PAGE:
Hideo Sakata remembers the time of “lawlessness” when it was easy to find a place in Tokyo’s Roppongi district to park his motorcycle.

“Everybody used to park on the sidewalk or on the side of the street and they never got tickets,” said Sakata, who has been commuting to Roppongi by motorcycle for 20 years.

Things changed when the Roppongi Hills complex opened in April 2003 and police started cracking down on illegal parking.

According to the National Policy Agency, the number of parking tickets issued nationwide to motorcycles bigger than 50cc jumped more than three-fold to 68,383 in 2005, from 19,562 in 1995.

But motorcyclists who don’t want a ticket have a problem — there aren’t enough legal places to park.

That is expected to change once a parking lot law revision covering all motorcycles, enacted in May, goes into effect at the end of the year.

“The revision was made due to rising voices to take measures for illegal motorcycle parking in the past few years,” said Manabu Motoune, an official in charge of the parking lot law at the Land, Infrastructure and Transport Ministry.

The transport ministry had argued that motorcycle parking would be better managed on the local level by revising municipal ordinances because it is an urban issue, Motoune said.

Motorcyclist Sakata said the Roppongi Hills motorcycle parking lot has only 78 spots and they are all taken by 7:30 a.m.

There is demand for about 13,000 parking spaces for motorcycles over 50cc in the Tokyo area, according to the Tokyo Metropolitan Public Corporation for Road Improvement and Management.

The city currently has only 1,000 spaces.

In a survey conducted by the Japan Automobile Manufacturers Association last year, about 80 percent of the 500 private parking lot operators questioned said they did not allow motorcycles to park in their lots.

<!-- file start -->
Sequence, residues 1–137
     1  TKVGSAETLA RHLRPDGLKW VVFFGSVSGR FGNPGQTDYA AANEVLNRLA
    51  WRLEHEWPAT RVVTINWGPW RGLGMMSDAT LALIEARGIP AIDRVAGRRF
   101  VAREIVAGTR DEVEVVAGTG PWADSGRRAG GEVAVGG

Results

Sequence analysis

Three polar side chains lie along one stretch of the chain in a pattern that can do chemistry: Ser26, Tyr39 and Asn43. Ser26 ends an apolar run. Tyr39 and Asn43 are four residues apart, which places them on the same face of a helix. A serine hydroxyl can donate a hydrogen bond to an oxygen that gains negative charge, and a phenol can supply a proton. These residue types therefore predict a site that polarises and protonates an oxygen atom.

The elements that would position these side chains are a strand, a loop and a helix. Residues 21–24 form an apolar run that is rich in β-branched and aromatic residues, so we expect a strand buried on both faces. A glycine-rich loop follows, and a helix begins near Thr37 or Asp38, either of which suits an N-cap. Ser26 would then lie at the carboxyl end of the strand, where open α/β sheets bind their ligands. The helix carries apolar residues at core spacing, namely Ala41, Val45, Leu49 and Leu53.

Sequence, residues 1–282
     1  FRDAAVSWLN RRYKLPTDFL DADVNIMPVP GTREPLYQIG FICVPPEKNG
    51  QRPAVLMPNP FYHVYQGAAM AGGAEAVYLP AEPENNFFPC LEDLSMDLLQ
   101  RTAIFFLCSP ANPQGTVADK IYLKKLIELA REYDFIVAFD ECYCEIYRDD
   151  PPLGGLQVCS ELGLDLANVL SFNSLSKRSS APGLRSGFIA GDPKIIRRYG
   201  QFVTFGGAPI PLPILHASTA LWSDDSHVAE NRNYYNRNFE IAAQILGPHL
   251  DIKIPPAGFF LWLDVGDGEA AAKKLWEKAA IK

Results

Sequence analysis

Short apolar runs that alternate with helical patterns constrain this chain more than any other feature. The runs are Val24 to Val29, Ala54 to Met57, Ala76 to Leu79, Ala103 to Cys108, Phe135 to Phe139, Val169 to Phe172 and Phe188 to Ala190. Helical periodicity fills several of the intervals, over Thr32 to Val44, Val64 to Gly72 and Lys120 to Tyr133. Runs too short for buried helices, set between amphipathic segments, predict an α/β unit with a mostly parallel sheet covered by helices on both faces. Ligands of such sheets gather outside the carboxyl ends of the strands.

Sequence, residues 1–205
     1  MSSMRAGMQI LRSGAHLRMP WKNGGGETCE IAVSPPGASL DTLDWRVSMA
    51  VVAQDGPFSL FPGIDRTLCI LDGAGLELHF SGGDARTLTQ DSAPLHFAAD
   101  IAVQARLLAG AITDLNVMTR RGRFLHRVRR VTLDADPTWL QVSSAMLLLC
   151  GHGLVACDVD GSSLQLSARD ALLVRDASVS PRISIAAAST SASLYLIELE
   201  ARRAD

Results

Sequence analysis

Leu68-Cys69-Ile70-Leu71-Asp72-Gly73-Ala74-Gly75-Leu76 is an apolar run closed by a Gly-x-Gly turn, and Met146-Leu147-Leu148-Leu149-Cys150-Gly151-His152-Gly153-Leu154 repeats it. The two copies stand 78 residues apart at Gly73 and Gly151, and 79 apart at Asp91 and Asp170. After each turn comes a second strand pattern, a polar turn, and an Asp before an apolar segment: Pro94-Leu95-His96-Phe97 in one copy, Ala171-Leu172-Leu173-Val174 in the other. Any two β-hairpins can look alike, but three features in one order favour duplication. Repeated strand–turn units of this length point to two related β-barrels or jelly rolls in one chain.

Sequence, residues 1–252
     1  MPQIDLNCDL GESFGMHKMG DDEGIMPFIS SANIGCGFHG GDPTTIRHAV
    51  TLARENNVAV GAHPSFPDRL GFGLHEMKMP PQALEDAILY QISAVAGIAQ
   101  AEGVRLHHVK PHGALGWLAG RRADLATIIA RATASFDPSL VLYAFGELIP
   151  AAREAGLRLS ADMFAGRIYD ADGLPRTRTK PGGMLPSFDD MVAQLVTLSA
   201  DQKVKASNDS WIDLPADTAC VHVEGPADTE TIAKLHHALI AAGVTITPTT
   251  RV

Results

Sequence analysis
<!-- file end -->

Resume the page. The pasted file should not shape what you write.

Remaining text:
Motorcycle-industry watchers blamed the lawmakers and bureaucrats for not including motorcycles over 50cc in the law, which requires municipal governments to promote the building of parking lots. Cars, motor scooters up to 50cc and bicycles are covered by the parking lot and bicycle laws, but motorcycles were overlooked.

Yuji Sato, a spokesman for Suzuki Motor Corp., said the problem took root in the late 1990s when large motorcycles became popular. Residents and pedestrians found them more of a nuisance, so demands for better legislation increased, he said.

“More young people began to ride motorcycles (in the late 1990s) because they are less costly and convenient when they want to go to the central areas and stay after the last train has left,” Sato said. “Most of them park in front of stores or on the sidewalk.”

The change in the law is already having an effect, as local governments are making moves to increase the number of parking lots for motorcycles.

In July 2004, the Tokyo Metropolitan Public Corporation for Road Improvement and Management started handing out 200,000 yen per space to any business or government in the 23 wards that wants to open a motorcycle parking lot.

The government group had a budget to subsidize 182 parking spaces in fiscal 2004, which increased to 346 in fiscal 2005. However, this year it has already received applications for about 600 spaces — roughly twice the amount allocated in the fiscal 2006 budget.

“Until this fiscal year, the number of applications was within the budget limit,” said Hiroshi Koike, an official at the public corporation in charge on parking lots. “But because the law has been revised, we are planning to fund all of the applicants” with extra budget money.

Motorcycle lobby groups have welcomed the legal revision, but they think it will take some time before motorcyclists will have adequate access to parking.

“Although the law has been revised, it is still unclear if there will be enough parking spaces for bikes,” said Yoshinori Hasegawa, head of the traffic affairs department at the Japan Automobile Manufacturers Association. “I hope it will be resolved soon . . . but the road ahead looks tough.”

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